"Tolerance fails T-shirt test" is the title of a column written by John Kass for Thursday's Chicago Tribune. I'm not an avid reader of Kass because I often disagree with him or he annoys me, but I do appreciate his forthright view of things.
In this particular article, Kass related the experiment by Catherine Vogt, an 8th grader at Gwendolyn Brooks Middle School. The school is in Oak Park, IL, which is a very nice Chicago suburb. Anyway, as Kass tells it, Vogt had heard about Obama's message of inclusion and consulted with her history teacher before conducting her experiment prior to the election.
So one day she wore a T-shirt to school on which she had written the words "McCain Girl" in red. She was vilified. She was told she was stupid; there were death threats. She did not engage in conversation, she did not try to defend her position; she simply wanted to see how people would react. Students and teachers alike reacted badly. Only a few students pulled her aside to whisper they agreed with her, so there were a few closet McCain supporters who were afraid to express their opinions.
The next day she wore a T-shirt with "Obama Girl" written in blue. Catherine regained her senses, wasn't stupid anymore, teachers relaxed. Some people accused her a being a flip-flopper; that she couldn't be for one candidate one day and the other candidate the next. [Apparently it's not possible to change one's mind about anything ever and not be labeled a flip-flopper. We have the media to thank for that.]
Kass reports that they "asked the teacher, Norma Cassin-Pountney, whether it was ironic that Catherine would be subject to such intolerance from pro-Obama supporters in a community that prides itself on its liberal outlook." The teacher said they discussed that irony in class and she believes the 8th graders understood what they claimed to believe and how they behaved. Yes, well, call me cynical, but I can understand why they would say that in class but remain as clueless as they were when they responded to Catherine's T-shirt messages. There are adults who would know enough to say they understood but still, at heart, be unwilling to relinquish their hate, their disdain, or whatever label one might want to put on their ignorant behavior and attitude. But then you have to ask, and I mean you have to ask, where did they learn to think and behave that way? Were they following the majority in their school because we know what peer pressure can do? Or were they mimicking the behavior of their parents?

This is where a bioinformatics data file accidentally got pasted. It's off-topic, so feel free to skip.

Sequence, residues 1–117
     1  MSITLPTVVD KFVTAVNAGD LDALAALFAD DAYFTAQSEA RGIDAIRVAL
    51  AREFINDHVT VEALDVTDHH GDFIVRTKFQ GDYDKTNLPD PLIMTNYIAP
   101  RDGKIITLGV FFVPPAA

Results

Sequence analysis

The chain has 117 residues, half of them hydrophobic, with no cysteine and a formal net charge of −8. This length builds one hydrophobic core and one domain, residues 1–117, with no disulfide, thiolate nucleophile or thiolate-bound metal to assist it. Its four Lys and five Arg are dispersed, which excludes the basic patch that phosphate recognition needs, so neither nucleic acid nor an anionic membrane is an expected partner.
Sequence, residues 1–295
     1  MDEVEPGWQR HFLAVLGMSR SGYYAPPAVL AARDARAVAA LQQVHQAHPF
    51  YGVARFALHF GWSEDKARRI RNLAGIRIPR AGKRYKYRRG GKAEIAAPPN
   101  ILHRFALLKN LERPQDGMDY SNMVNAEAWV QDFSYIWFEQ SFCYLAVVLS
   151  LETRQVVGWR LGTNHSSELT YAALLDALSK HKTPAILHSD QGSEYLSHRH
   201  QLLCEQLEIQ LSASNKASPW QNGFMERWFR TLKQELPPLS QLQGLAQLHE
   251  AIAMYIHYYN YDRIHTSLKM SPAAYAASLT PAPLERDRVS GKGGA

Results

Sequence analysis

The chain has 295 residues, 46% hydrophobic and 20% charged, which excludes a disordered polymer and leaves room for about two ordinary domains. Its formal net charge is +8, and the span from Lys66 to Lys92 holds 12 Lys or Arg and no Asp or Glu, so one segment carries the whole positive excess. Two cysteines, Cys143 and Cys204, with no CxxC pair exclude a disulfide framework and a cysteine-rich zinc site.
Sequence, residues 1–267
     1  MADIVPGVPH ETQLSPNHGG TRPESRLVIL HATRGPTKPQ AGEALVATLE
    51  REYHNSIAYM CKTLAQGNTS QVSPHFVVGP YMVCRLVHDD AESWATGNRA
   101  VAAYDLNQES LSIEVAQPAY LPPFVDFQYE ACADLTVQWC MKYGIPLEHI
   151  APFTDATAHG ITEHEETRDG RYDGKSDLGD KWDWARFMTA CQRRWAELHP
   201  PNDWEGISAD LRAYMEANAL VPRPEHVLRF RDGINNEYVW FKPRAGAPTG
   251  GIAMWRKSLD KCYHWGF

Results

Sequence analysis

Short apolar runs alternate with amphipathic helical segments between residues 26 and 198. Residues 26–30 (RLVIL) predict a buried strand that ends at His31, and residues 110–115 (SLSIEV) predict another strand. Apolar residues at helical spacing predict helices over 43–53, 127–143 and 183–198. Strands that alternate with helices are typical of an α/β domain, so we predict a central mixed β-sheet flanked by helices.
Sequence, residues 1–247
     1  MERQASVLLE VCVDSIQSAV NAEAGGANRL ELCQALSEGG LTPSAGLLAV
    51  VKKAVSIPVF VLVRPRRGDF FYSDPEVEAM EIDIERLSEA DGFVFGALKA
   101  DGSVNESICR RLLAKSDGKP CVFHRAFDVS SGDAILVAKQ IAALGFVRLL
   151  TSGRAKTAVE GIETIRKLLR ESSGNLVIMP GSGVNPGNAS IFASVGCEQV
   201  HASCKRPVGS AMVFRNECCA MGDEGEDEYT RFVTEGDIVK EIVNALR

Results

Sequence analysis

In Kass' follow-up article on Friday, he reported she had done a round of TV and radio interviews. Kass notes that Catherine learned a lot; that she, the child of a liberal Democratic mom and a conservative Republican dad, learned that kids most definitely learned their politics and their patterns of behavior from parents.
But with glory also comes some responsibility and consequences. In the aftermath of her experiment, kids and adults were nervous Catherine had named names, but her experiment seems to have been an objective one. No one but Catherine and the speaker knows who said what and I'm guessing they are just as concerned about the fact that Catherine knows and probably remembers what they said to her. There are certain phrases and tones that become seared in one's memory; all of us have experienced that. And then the parents got involved, being all outraged that she didn't follow some protocol but probably mostly being embarrassed that they were called out by the behavior of their children.
There is a lot to be learned from Catherine's experiments. Keep in mind she conducted her experiment before the election. In the aftermath of the election, the Tribune did report that Republicans who had supported McCain were being vilified for their stupidity or were being laughed at because they backed the loser. Grown-ups.
Ours is a culture obsessed with winning and losing. Only in America can we have successful TV shows with titles like "Biggest Loser" because the people who win have lost the most weight. But we watch competitions hoping our team will win and cheering against the losers. And when our team loses, we trash talk about the winners while the winners gloat over our defeat. So why are we surprised when that trash talk demeanor shows up in politics, as it has for generations. This is no big surprise.
By extension ours is also a culture that seems to be obsessed with being right or wrong. There are those who are already carping about how the Obama-gogues who are worshipping at the altar of the liberal and inclusive Democratic Party of Obama are not so liberal nor inclusive, but I can only imagine how very finetuned their scale of measurement might be.
If we take giant step away from politics, we'll see that this same behavior exists in far too many people about far too many issues and on both sides of the issue. Part of that seems to be because we don't want to engage in discussion or dialogue but an intervention because someone who disagrees with us must be wrong (or stupid).
Those 8th graders at Gwendolyn Brooks Middle School probably really didn't know what they meant when they claimed Vogt was stupid for alleging to be a McCain girl. I'm not sure they would have been equipped to ask her why she supported McCain rather than resort so quickly to name-calling, but I wonder, too, if the parents of those or any other 8th graders would have been equipped or willing to discuss the issues rather than resort to name-calling.